If you’d rather risk that because you’re worried about Google bats infecting your coffee with rohypnol through your mouse cable, go ahead! 
    Is it supposed to be funny? because they DID hacked to wireless networks and collected some data! It is FACT. they explanation? oh we did it by mistake wow:) Do you believe them?

  • Mark Hughes

    Here’s a pretty good example -

    I think you may have not had the same experience as many of us back in Feb/March.  If you got an “unnatural links” message back then, Google tended to give you about 2 weeks to get rid of them (or at least demonstrate that you had made reasonable attempts to do so).  If you didn’t take action, you got a penalty.

    So, if you get the ‘warning’ message rather than the ‘advisory’ referred to above, you do need to take action.  If you think it’s an unfair warning, challenge it in a reconsideration request and argue your case.  Chances are, though, that you’ll end up going through your backlink profile and getting dodgy ones removed.

  • Peter Kern

    Sorry but this example doesn’t proof anything. 26th may when they recovered it is a date when another major google algo update took place. Removing links is the worst thing you can do. It is not even really possible if you did some link building or somebody did negative SEO to your website. 

  • Aranzamendez Design

    I’m still thankful I’m not receiving this messages from Google even if my clients website ranking is very inconsistent.. Well, we should delete all the previous bad links pointing to our site as soon as possible.

  • scottdennison

    Mark – I agree with your point, however Google never gave any ideas on how to remove links they did not like. I was one who did you a blog network that got blown up, and there was no way to get those links removed. All 3 sites that we used this for were hammered. Why doesn’t 
    Google just provide a way to disavow the links you don’t want – almost like pruning a plant?

  • David Waterman SEO

    I wonder if this is Google’s way of tricking people into outing themselves as having done black hat linking tactics. Send tons of notices stating you may have bad links and if they see they all start to get quickly removed, you’re penalized instead. Hmmmm.

  • Jon Good

    You know it is kind of funny, I never received one of these messages, but yet I lost ranking for my main keyword in Google for my site

  • Sheila Cruze

    Why don’t Google comes up with a system where publishers and webmasters could disavow ir-relevant links. I guess It could make our job easier and convenient. Last month Bing came up with such a facility where publishers could disavow links that they deem irrelevant.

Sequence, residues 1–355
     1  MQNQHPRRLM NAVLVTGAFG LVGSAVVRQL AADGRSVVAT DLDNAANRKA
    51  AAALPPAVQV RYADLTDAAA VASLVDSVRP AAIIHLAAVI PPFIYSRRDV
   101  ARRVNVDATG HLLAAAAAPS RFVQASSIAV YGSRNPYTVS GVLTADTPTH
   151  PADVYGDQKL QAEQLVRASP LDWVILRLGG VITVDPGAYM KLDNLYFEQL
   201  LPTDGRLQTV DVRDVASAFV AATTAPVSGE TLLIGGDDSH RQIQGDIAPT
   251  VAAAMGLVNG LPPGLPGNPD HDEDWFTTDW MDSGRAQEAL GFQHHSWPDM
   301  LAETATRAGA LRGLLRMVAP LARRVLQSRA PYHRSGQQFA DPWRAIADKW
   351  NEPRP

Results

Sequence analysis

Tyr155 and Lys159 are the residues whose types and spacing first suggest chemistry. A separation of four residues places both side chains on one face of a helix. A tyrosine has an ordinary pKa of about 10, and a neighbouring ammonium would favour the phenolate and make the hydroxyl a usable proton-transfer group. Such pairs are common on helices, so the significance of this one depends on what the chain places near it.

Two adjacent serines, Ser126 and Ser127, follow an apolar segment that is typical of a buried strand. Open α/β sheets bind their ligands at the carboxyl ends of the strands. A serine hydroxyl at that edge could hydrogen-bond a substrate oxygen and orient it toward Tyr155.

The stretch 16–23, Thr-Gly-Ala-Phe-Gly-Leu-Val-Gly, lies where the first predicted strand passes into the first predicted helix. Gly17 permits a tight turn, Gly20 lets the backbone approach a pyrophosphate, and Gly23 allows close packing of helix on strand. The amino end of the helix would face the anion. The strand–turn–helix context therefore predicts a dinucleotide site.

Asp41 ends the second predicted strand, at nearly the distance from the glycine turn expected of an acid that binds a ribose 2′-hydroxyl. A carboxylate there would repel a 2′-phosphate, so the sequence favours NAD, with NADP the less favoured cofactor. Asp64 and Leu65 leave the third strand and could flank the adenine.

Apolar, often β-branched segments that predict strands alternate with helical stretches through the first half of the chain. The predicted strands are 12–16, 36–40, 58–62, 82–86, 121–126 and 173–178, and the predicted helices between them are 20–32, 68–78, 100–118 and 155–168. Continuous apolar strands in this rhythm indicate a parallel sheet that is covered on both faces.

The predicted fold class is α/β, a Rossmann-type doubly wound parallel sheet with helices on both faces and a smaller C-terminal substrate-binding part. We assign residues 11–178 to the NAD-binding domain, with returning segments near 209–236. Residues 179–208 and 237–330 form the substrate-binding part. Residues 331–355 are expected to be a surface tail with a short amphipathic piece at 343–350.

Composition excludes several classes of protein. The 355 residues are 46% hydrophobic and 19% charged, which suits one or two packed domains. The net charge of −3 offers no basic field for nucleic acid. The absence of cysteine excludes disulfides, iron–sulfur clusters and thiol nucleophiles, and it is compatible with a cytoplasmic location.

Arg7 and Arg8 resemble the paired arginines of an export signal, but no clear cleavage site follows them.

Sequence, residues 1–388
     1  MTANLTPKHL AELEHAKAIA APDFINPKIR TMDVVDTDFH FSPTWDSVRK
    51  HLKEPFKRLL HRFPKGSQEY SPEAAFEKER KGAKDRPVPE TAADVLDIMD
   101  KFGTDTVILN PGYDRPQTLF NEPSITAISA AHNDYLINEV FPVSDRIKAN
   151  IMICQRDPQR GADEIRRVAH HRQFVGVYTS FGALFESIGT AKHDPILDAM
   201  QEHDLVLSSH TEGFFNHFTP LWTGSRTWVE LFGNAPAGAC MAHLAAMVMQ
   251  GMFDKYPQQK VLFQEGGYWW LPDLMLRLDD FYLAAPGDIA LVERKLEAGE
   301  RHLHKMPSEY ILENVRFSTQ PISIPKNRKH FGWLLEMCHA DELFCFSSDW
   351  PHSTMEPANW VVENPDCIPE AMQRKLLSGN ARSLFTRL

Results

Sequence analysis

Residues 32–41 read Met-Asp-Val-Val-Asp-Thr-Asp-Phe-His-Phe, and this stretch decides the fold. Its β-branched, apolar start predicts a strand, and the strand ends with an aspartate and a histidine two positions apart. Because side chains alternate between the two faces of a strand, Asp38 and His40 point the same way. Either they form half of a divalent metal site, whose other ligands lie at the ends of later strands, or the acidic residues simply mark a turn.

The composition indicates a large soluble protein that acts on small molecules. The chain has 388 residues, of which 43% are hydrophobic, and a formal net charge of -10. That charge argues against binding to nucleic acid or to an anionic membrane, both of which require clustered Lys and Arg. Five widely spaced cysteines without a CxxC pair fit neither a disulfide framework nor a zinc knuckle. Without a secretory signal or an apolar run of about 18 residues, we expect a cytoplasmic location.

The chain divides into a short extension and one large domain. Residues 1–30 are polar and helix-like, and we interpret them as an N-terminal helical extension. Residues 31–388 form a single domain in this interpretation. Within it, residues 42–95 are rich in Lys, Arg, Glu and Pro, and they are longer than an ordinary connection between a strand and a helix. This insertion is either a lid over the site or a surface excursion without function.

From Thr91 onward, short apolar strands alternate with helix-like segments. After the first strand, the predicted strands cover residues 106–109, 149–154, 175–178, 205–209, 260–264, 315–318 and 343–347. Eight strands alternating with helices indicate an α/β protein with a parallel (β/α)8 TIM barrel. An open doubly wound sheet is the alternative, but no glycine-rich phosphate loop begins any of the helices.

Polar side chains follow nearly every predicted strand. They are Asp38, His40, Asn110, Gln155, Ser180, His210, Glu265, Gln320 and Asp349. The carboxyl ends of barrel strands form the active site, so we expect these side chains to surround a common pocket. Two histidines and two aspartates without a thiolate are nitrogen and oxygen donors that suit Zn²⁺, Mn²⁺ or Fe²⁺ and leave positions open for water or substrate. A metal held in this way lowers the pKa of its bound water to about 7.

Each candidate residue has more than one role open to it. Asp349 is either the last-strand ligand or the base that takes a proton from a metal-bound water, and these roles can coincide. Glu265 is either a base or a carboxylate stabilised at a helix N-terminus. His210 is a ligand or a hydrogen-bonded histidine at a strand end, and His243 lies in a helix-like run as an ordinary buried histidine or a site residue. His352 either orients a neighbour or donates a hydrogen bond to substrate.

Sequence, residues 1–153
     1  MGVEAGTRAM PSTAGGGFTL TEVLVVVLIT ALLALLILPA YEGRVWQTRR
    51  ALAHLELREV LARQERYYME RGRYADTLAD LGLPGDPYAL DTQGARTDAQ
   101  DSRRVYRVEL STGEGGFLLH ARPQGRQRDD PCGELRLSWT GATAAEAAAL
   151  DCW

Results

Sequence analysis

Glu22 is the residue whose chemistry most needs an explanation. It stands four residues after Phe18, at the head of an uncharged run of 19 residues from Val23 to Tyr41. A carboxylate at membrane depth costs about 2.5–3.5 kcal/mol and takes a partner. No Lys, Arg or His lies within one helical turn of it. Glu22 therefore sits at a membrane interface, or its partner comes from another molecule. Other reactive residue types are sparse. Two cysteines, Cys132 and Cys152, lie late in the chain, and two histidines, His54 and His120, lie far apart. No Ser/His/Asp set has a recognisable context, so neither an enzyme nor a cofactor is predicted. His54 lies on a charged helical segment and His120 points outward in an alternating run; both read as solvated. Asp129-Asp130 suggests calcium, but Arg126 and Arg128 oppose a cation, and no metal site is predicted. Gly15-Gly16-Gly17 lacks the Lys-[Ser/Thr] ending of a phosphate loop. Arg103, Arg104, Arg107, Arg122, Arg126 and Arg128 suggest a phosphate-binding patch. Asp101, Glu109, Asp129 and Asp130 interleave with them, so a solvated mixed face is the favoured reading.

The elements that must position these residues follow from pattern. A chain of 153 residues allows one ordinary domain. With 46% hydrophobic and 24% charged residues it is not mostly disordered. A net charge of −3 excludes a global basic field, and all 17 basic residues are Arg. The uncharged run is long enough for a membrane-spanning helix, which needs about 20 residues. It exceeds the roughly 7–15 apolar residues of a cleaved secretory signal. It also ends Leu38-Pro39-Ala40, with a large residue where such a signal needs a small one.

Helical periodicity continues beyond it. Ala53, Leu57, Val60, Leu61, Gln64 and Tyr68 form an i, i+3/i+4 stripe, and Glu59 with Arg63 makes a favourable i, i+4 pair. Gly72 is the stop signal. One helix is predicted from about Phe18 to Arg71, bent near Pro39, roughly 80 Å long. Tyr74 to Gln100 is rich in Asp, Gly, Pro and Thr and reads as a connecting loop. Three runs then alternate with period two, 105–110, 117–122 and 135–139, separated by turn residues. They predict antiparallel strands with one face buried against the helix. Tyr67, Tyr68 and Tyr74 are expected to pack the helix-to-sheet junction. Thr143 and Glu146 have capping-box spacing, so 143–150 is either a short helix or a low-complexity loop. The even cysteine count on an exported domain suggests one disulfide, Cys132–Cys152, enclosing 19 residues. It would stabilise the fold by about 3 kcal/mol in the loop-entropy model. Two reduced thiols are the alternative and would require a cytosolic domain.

• Content Axis

    But how could someone dare to remove Google Analytics and GWT when much of your traffic and customers are coming through Google. I wish we could have another search engine that could give tough competition to Google

  • Mark Hughes

    Sorry but this is garbage. We’ll have to agree to disagree!

  • Mark Hughes

    Hi Scott,

    Sorry to hear you got hit.  However, from my experience, Google did provide instructions on how to remove links – they suggested you check your backlink profile to identify bad links, then contact webmasters to request their removal.  Obviously they knew that many would fall on deaf ears, however if you could provide proof (lists of sites, copies of emails) then they would make a decision based on that.  If you pressed them, sometimes they would provide examples of bad links (which I believe they should have done in the first place, for the non-tech savvy and people who may have unwittingly employed a dodgy SEO company).

    Admittedly what they didn’t do was tell you ‘how’ to check your backlinks, because at that time they didn’t allow you to download backlinks in GWT.  They relied on people knowing about and having access to OSE or Majestic.  I’m not saying it wasn’t a massive pain in the neck, but clearly it was intended to put people off building bad links again.

  • Mark Hughes

    P.S. that update on 25th May was, to quote Matt Cutts, a “‘data refresh’ that impacts less than one-tenth of a percent of English-language searches.” That’s 0.1% – a one in a thousand chance that the update resulted in the recovery.


  • Patrick Bonnes

    That also means that the competition can sabotage the links to their competitors!

    That is scary and saves the wrong target!

    But, the more Google changes the algortim, the more we are able to learn about Google’s algortitm.

  • Bruno M. Picinini

    Best title ever!

  • Garrett Williams

    Does this mean that if you did not get the warnings or whatever from Google your linking is ok? I must have some other problem then because I was slammed by penguin.  Could be spammy onsite links.

  • Allan Hall

    I think that there is another factor to this .

     I had a site that got hit by penguin where  it was mostly natural links. It lost 50 % of Impressions in WMT .   Thre was no link warning for this site.    This is consistent with what you are saying about devalued and rather just an algorithmic change.

    Then I had another  site  that was not hit with penguin  but got the first link warning and subsequently lost 50% of its impresions in WMT .  just after pengiun

    Both are smaller niche sites one promoted via linking the other not but a lot of natural links from our provide code from the site ( alot the same) .  So there was good seperation between the 2 .  Maybe there is a lot of combonations of the 2  going on with sites at the same time hence the confusion.